JCPenney: Proving that Every Day Matters for Energy Efficiency

EDF Climate Corps fellow | July 16, 2010

By Yih-Wei Chien, 2010 EDF Climate Corps Fellow at J .C. Penney Company, Inc., MBA/MS candidate at the Erb Institute, University of Michigan, Member of Net Impact

In a press release issued just three weeks prior to the start of my EDF Climate Corps fellowship at J. C. Penney Company, Inc. (JCP), the company publically announced its environmental goal to "reduce facility energy consumption 20 percent per gross square foot by 2015."  A goal of this magnitude may seem daunting to most companies, but JCP's long list of energy management conquests demonstrates that this is just another day at the office for one of the world's leading retailers.

Already with 141 Energy Star certified stores (and counting), over $130 million invested in energy efficiency facilities upgrades, the world's 3rd largest LEED Gold certified headquarters building, and a recently LEED Silver certified store in Fairview, TX, JCP is looking to other means to tackle its new energy reduction goals: employee engagement.

This is where I come in.  While the majority of the 2010 EDF Climate Corps fellows will be scouring their respective company buildings for capital projects such as lighting retrofits and HVAC upgrades, I have been asked to design a strategic initiative to engage the approximately 5,500 corporate associates in JCP's Home Office building.  The goal will be to incentivize and motivate the associates to think, act, and behave with energy conservation at the forefront of their attentions.

Over the last seven weeks, my project has taken me to the four corners of the company.  I've visited stores from San Jose, CA to Waxahachie, TX; interviewed Home Office associates from product development to engineering to women's accessories; and even crossed paths with super model turned fashion designer Cindy Crawford and 5-time Olympic medal winning gymnast Nastia Liukin!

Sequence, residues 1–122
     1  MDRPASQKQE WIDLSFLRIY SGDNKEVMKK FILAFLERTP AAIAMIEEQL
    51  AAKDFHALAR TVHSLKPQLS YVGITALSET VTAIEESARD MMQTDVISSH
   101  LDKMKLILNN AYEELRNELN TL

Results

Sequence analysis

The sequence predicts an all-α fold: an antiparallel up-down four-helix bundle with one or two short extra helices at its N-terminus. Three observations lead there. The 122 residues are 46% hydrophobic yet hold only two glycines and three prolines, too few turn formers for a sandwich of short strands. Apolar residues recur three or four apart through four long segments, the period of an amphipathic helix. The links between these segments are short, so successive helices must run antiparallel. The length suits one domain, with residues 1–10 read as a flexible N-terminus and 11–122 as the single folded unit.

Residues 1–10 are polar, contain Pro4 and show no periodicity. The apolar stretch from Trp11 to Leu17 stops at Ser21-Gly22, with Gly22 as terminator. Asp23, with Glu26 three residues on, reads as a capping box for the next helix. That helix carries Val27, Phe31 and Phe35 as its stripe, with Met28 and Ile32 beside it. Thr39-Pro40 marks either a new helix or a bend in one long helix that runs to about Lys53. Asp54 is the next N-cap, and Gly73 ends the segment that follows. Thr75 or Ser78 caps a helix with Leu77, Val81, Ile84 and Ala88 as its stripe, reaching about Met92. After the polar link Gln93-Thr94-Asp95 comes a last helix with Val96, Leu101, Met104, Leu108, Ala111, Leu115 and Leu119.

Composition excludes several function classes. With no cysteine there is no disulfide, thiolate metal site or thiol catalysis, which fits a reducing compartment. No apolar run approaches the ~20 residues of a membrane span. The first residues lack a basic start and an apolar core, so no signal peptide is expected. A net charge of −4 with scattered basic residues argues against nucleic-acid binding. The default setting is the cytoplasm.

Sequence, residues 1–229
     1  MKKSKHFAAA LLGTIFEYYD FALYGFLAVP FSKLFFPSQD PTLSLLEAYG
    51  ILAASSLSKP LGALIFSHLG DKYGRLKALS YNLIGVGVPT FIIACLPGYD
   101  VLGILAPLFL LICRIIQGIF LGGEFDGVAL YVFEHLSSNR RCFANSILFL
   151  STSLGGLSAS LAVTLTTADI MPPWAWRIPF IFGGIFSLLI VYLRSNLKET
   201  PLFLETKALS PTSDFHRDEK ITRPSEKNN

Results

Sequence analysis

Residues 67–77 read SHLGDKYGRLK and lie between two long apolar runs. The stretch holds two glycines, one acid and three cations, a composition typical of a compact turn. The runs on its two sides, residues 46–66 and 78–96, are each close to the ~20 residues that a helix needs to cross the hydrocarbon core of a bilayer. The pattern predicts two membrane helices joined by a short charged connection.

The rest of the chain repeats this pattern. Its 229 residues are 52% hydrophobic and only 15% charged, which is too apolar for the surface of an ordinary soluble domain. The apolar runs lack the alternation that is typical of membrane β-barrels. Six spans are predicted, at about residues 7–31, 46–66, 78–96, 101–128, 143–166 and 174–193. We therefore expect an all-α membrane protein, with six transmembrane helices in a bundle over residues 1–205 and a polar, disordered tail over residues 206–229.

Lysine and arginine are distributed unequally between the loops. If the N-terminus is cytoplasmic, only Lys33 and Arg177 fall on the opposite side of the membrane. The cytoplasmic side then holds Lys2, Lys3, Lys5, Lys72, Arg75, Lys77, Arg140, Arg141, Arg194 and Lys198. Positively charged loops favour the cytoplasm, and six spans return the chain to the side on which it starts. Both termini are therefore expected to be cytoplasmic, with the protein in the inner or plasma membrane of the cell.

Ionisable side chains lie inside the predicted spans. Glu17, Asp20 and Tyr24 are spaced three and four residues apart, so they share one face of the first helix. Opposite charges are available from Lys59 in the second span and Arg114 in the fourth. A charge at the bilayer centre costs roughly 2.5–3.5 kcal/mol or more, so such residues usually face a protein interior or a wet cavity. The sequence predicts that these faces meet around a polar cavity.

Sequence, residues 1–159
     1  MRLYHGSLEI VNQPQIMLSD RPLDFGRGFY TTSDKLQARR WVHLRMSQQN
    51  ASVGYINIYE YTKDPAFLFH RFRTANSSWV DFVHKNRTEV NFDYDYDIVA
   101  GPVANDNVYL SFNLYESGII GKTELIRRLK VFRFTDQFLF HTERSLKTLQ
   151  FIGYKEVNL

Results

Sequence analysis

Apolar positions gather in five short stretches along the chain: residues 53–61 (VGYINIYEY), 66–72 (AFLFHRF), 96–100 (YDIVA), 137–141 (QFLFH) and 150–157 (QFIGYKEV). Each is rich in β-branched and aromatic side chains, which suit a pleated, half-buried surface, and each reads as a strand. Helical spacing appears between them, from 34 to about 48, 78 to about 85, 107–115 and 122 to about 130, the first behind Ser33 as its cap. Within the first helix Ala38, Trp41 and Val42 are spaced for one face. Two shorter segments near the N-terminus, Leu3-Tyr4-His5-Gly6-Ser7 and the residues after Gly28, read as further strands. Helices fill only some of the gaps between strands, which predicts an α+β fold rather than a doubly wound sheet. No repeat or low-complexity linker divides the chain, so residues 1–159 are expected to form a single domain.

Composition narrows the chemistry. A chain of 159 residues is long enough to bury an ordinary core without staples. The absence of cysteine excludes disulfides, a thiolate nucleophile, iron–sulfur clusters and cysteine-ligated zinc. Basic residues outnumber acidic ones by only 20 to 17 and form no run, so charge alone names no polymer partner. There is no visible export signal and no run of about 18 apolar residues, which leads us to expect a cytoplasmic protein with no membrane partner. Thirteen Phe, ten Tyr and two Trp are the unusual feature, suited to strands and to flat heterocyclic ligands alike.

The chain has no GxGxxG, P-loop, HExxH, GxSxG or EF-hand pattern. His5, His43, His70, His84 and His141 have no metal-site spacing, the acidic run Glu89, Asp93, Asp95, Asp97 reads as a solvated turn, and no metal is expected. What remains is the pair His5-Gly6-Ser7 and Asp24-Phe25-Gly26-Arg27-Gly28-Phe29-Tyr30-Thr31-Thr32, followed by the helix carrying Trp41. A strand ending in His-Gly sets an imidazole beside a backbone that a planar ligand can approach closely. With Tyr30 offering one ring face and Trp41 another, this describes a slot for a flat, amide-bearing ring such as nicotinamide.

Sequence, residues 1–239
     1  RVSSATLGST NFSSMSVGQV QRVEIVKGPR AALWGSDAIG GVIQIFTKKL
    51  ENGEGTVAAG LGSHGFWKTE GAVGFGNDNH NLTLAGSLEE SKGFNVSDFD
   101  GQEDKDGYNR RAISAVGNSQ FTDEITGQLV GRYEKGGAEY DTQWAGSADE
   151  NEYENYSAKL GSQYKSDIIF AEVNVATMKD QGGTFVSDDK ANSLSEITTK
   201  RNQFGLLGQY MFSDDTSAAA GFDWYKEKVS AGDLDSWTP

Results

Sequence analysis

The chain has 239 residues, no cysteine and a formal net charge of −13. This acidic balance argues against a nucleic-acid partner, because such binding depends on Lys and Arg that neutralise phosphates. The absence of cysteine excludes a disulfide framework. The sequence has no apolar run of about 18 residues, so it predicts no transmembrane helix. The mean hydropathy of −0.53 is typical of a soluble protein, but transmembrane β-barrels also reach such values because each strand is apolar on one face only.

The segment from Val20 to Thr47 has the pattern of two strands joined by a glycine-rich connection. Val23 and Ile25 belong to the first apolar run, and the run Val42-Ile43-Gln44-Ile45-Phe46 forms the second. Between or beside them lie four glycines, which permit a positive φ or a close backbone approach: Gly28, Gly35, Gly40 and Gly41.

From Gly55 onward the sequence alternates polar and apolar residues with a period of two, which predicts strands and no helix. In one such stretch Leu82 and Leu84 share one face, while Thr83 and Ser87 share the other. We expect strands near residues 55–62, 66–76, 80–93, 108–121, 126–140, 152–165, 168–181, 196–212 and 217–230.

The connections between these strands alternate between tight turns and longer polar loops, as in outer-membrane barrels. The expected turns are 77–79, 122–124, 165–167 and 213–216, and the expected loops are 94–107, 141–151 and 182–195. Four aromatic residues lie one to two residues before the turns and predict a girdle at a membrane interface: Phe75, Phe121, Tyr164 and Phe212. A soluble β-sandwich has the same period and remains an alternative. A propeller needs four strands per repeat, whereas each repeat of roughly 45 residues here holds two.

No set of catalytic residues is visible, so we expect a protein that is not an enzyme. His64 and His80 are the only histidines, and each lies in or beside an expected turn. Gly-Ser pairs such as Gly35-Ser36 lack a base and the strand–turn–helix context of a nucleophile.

My research into JCP's corporate culture has revealed three primary ways that associates view the environment:

  • Heart – These associates don't just do environmental awareness, they are environmental awareness.  Caring for and preserving the environment is an integral part of their core values, and they fully expect the company that they work for to also exhibit similar morals.
  • Hand – These associates were educated on environmental awareness at a young age and have since adopted behaviors such as recycling and energy conservation.  Their environmental stewardship is no longer deliberate, but rather reactive and permanently ingrained into their every day routines.
  • Head – Understanding that resources are limited, these associates exhibit behaviors based largely on sound rationale and logic.  Their decisions weigh heavily on finance (cost savings) or convenience (time savings), with the positive externality of environmental benefit filling an important but lower priority.

Having properly segmented my target audience, my next step will be to craft the messages that must be delivered to each group.  Each message will be derived from the idea of energy conservation but translated into a different language.

The "Heart" segment: special attention will be given to JCP's track record of environmental stewardship and how individual energy saving behaviors can add up to make a big impact on the environment.

The "Hand" segment: providing organized, reliable, and consumable information surrounding energy saving behaviors, will be crucial.

The "Head" segment: I must make the business case by presenting compelling, financially-driven evidence that energy savings will have a positive effect on JCP's bottom line and bolster overall company health.

Even though my time with JCP will come to an end long before the tactical execution of this program, it's still exciting to know that the seed I plant will have a lasting effect on the company, its associates and its commitment to energy efficiency.

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